Out of the Blue; The Story of Blue in Art. Review

A  Lecture by Alexandra Drysdale. North Cadbury Village Hall, 4 April 2017

A large group of Bruton Art Society Members and friends came to hear a fascinating lecture by Alexandra Drysdale on the colour blue and its use in art from the Egyptians to the present day.  An accomplished NADFAS lecturer, Alexandra is both an artist and an art historian. In this talk she brought together considerable learning with practical experience to cover this most important topic.


Beginning with the brilliant use of blue in the tombs of the Pharaohs, she reminded us that blue was traditionally a very difficult and expensive colour to obtain. While browns and reds and greens can quite readily be derived from earth pigments, blue is a different matter. It only occurs naturally in rocks in very rare places. At the time of the Ancient Egyptians the only high quality blue that could be obtained came from the semi-precious stone  Lapis Lazuli. This was found in mountains in Afghanistan and was dangerous and expensive to mine and transport. In the ancient world Lapis Lazuli was more costly by weight than gold. This was to remain the case in the West right up to the eighteenth century, when rival chemically produced blues began to be marketed.
Alexandra gave examples of how the precious colour blue was used only on special occasions and for highly expensive projects. Not surprisingly, it took on mystical associations and was related to divinity. It was, for example, the colour associated with the Virgin Mary. A fine example of its use can be seen in the magnificent Wilton Diptych,[Fig.1]  created from Richard II of England circa 1395-99.
Alexandra then went on to look at how the effect of blue can be intensified by placing it against its ‘complementary’ colour, orange. An early example of this can be seen in the case of Leonardo da Vinci’s Virgin on the Rocks. Perhaps because of its association with the sky and with distances, blue tends to suggest recession in a picture. It has been used to create a sense of distance in landscapes ever since the Renaissance. However a skilful artist can counter this effect. A fine example of this is Gainsborough’s famous ‘blue boy’, in which the dominating figure is a dressed in a blue velvet suite. [Fig.2] Apparently Gainsborough chose to use this colour as a riposte to his great rival as a portrait painter, Sir Joshua Reynolds. In a lecture to the Royal Academy Reynolds had said that a painter should never have a foreground figure dressed in blue as the colour suggested distance and recession. Gainsborough showed how this did not have to be the case. His achievement is a reminder that one must not be too slavish in obeying ‘rules’ when it comes to producing works of art.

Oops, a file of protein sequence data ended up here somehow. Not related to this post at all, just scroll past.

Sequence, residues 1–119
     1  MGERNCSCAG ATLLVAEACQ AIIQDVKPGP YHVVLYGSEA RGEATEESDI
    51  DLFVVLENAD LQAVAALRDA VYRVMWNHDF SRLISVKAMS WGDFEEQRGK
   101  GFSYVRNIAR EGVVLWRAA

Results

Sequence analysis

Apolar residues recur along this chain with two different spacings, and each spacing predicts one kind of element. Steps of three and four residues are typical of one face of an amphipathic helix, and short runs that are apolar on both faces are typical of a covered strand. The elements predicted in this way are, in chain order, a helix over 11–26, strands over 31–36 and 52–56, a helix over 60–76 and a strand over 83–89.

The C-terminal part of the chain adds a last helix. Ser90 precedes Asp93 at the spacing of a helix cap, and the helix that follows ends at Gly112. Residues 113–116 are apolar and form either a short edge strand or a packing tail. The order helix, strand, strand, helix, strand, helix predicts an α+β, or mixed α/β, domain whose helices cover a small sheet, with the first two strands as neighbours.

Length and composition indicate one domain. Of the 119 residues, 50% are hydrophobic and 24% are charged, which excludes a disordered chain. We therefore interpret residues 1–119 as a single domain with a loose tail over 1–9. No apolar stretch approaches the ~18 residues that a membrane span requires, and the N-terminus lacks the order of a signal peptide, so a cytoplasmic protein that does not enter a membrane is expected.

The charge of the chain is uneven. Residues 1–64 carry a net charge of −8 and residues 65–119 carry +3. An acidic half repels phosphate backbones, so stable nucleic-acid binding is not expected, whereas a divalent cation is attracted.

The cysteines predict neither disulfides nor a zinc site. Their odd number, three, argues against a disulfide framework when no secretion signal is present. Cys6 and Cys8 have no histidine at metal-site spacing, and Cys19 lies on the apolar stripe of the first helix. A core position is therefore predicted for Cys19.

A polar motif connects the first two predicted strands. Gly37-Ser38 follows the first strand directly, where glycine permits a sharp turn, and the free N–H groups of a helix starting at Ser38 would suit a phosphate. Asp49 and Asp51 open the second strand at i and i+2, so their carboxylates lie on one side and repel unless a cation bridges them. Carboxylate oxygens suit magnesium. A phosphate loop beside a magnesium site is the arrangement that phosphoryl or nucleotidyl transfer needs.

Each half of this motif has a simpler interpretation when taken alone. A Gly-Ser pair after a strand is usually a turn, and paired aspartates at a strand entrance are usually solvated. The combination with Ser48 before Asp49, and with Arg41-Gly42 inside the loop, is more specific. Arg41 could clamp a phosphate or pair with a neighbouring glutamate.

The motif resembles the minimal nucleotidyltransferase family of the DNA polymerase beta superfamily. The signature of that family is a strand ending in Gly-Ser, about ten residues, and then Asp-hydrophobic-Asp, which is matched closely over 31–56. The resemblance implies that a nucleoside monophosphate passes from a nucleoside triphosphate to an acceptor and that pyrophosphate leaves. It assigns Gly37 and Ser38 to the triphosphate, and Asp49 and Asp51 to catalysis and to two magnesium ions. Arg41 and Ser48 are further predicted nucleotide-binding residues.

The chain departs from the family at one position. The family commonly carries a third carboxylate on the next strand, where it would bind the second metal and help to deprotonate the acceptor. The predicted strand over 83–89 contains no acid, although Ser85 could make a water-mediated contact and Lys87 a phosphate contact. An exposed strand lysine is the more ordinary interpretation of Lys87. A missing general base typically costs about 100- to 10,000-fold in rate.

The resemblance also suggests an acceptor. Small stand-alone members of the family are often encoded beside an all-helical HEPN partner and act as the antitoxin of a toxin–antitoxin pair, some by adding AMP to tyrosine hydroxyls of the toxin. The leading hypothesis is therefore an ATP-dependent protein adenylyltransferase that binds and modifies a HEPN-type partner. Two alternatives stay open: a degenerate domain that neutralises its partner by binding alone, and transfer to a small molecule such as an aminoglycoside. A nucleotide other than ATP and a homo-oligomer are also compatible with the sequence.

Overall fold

Since the nineteenth century the commercial production of colours by chemical means has meant that blue is no longer prized as a special and expensive colour. Yet it continues to fascinate on account of its emotive associations. Alexandra showed it was used in this manner by Van Gogh. In the early twentieth century the young Picasso made it the dominating tone in his melancholy images of poverty and suffering, [fig. 3] now known as his ‘Blue’ period. A little later the German avant-garde movement Der Blaue Reiter (The Blue Rider) dwelt on the more mystical associations of the colour. It was one member of this movement, the Russian Kandinsky, who moved from such reflections into the innovation of the first purely abstract paintings.
Coming nearer to the present age, Alexandra showed us some examples of her own work, in which blue has been used to great emotive effect.[Fig. 4]  She then ended with a most entertaining shot of one of the most sensations uses of blue in recent times. This was in connection with the celebration of Hull as European city of culture in 2016. One event staged by the performance artist ……  was a crowd of several thousand people roaming the street stripped naked and covered from head to toe in blue. It seems this was a reference to the fact that Hall had been the principal producer of the colour blue when this was used as a whitener for linen.

Altogether this lecture was a magnificent occasion, providing us with a wealth of information and a feast of fabulous imagery. It will be interesting to see whether this inspirational talk will lead to an outburst of pictures celebrating the colour in our forthcoming annual exhibition. Perhaps the Bruton Art Society is about to enter its ‘Blue’ phase…..
Will Vaughan